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Impact of alternative healthcare plans on out-of-hours help-seeking intentions in Switzerland


Keizer, Ellen; Huibers, Linda; Bondo Christensen, Morten; Senn, Oliver (2018). Impact of alternative healthcare plans on out-of-hours help-seeking intentions in Switzerland. Swiss Medical Weekly, 148:w14686.

Abstract

INTRODUCTION In Switzerland, mandatory health insurance plans (standard) offer free access to secondary and emergency care. However, in return for a lower premium, individuals can choose alternative healthcare plans (HCPs), with either a general practitioner (GP) or a medical call centre (Telmed) acting as gatekeeper.
AIM To examine the impact of alternative HCPs on patients' intended help-seeking behaviour out-of-hours (OOH) in Switzerland.
METHODS A secondary analysis of the Swiss data collected for the EurOOHnet survey on help-seeking behaviour in Denmark, the Netherlands and Switzerland was made. The survey used hypothetical scenarios for measuring two outcome measures: intended help-seeking for (1) OOH care and (2) OOH face-to-face care. Binomial regression analyses were used to test the influence of HCPs on intended OOH help-seeking, adjusted for other (population) characteristics.
RESULTS Telmed-insured persons were more inclined to OOH help-seeking than persons with a standard HCP (odds ratio [OR] 2.28, 95% confidence interval [CI] 1.91-2.72; controlled for other population factors), mainly driven by contact with the medical call centre (31 vs 5%), and were less inclined to have an OOH face-to-face contact (OR 0.69, 95% CI 0.55-0.87). Persons with a GP HCP had a lower intended use of face-to-face OOH care contacts than persons with a standard plan (OR 0.74, 95% CI 0.63-0.86).
CONCLUSION Alternative HCPs on a voluntary basis seem to influence the use of OOH care. These results could be relevant for policy makers, especially from non-gatekeeping countries, to reduce irrelevant use and subsequent costs of emergency and OOH care services.

Abstract

INTRODUCTION In Switzerland, mandatory health insurance plans (standard) offer free access to secondary and emergency care. However, in return for a lower premium, individuals can choose alternative healthcare plans (HCPs), with either a general practitioner (GP) or a medical call centre (Telmed) acting as gatekeeper.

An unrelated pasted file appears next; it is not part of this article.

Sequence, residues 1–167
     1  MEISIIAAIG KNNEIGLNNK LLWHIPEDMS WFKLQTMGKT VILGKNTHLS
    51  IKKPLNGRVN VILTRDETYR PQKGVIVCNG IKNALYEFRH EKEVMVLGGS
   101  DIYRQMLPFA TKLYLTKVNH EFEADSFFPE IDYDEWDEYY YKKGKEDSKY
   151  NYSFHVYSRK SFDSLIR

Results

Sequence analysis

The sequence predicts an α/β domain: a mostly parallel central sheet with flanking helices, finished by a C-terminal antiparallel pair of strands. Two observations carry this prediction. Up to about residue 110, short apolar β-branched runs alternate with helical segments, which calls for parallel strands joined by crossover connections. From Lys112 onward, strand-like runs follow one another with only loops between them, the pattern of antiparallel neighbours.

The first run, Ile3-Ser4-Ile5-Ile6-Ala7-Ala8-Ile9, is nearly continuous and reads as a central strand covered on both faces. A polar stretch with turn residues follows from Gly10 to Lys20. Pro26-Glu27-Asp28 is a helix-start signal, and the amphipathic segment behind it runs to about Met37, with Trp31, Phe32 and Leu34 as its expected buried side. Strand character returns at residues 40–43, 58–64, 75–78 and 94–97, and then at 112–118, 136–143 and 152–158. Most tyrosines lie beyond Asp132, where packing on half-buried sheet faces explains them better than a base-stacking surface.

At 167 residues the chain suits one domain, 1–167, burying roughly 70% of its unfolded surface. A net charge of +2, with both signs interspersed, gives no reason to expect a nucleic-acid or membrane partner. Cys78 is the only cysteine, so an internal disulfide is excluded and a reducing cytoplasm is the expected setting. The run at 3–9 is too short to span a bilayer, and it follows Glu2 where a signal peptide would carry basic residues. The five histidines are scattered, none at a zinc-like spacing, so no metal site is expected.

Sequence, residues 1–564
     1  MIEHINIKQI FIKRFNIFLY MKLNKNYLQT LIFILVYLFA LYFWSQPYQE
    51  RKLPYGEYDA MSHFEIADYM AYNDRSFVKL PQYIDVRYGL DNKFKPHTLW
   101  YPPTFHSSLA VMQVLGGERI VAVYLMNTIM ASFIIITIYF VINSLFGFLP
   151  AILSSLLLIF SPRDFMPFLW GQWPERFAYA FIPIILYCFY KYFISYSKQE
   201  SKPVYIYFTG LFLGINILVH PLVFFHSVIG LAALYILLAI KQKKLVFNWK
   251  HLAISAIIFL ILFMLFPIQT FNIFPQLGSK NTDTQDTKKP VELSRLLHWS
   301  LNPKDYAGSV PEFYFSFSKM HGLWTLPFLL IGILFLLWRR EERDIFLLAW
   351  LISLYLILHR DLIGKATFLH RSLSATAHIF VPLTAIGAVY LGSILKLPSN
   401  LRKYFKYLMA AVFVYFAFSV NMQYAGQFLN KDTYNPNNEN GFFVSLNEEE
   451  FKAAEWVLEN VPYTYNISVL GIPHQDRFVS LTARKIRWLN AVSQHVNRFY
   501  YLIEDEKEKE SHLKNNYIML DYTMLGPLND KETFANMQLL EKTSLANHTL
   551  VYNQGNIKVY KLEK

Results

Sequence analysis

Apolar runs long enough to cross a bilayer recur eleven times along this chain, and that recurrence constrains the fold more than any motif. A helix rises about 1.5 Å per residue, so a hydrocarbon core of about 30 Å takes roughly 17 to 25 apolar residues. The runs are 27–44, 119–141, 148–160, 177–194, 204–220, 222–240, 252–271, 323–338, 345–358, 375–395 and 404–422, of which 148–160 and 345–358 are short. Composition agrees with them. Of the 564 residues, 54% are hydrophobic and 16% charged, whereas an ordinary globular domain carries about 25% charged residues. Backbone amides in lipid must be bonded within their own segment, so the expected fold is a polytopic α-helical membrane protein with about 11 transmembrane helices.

AIM To examine the impact of alternative HCPs on patients' intended help-seeking behaviour out-of-hours (OOH) in Switzerland.
METHODS A secondary analysis of the Swiss data collected for the EurOOHnet survey on help-seeking behaviour in Denmark, the Netherlands and Switzerland was made. The survey used hypothetical scenarios for measuring two outcome measures: intended help-seeking for (1) OOH care and (2) OOH face-to-face care. Binomial regression analyses were used to test the influence of HCPs on intended OOH help-seeking, adjusted for other (population) characteristics.
RESULTS Telmed-insured persons were more inclined to OOH help-seeking than persons with a standard HCP (odds ratio [OR] 2.28, 95% confidence interval [CI] 1.91-2.72; controlled for other population factors), mainly driven by contact with the medical call centre (31 vs 5%), and were less inclined to have an OOH face-to-face contact (OR 0.69, 95% CI 0.55-0.87). Persons with a GP HCP had a lower intended use of face-to-face OOH care contacts than persons with a standard plan (OR 0.74, 95% CI 0.63-0.86).
CONCLUSION Alternative HCPs on a voluntary basis seem to influence the use of OOH care. These results could be relevant for policy makers, especially from non-gatekeeping countries, to reduce irrelevant use and subsequent costs of emergency and OOH care services.

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Additional indexing

Item Type:Journal Article, refereed, original work
Communities & Collections:04 Faculty of Medicine > University Hospital Zurich > Institute of General Practice
Dewey Decimal Classification:610 Medicine & health
Language:English
Date:22 October 2018
Deposited On:22 Feb 2019 16:12
Last Modified:22 Feb 2019 16:14
Publisher:EMH Swiss Medical Publishers
ISSN:0036-7672
OA Status:Gold
Free access at:Publisher DOI. An embargo period may apply.
Publisher DOI:https://doi.org/10.4414/smw.2018.14686
PubMed ID:30378091

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